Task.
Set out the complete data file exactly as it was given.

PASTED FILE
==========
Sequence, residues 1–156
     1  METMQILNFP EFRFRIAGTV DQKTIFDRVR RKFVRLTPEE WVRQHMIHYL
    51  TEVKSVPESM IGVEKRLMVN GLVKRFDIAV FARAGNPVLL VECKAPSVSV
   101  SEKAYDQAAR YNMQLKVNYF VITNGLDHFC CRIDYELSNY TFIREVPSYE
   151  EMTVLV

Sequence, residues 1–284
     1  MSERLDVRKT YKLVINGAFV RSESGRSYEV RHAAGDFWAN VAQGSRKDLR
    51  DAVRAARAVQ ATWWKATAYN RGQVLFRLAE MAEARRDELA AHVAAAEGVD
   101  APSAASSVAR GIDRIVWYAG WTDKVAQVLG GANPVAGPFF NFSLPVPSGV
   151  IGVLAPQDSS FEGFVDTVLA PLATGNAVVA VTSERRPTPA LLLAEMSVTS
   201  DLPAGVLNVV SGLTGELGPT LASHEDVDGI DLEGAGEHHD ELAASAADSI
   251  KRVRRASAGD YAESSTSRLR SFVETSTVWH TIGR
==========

Sequence, residues 1–156
     1  METMQILNFP EFRFRIAGTV DQKTIFDRVR RKFVRLTPEE WVRQHMIHYL
    51  TEVKSVPESM IGVEKRLMVN GLVKRFDIAV FARAGNPVLL VECKAPSVSV
   101  SEKAYDQAAR YNMQLKVNYF VITNGLDHFC CRIDYELSNY TFIREVPSYE
   151  EMTVLV

Sequence, residues 1–284
     1  MSERLDVRKT YKLVINGAFV RSESGRSYEV RHAAGDFWAN VAQGSRKDLR
    51  DAVRAARAVQ ATWWKATAYN RGQVLFRLAE MAEARRDELA AHVAAAEGVD
   101  APSAASSVAR GIDRIVWYAG WTDKVAQVLG GANPVAGPFF NFSLPVPSGV
   151  IGVLAPQDSS FEGFVDTVLA PLATGNAVVA VTSERRPTPA LLLAEMSVTS
   201  DLPAGVLNVV SGLTGELGPT LASHEDVDGI DLEGAGEHHD ELAASAADSI
   251  KRVRRASAGD YAESSTSRLR SFVETSTVWH TIGR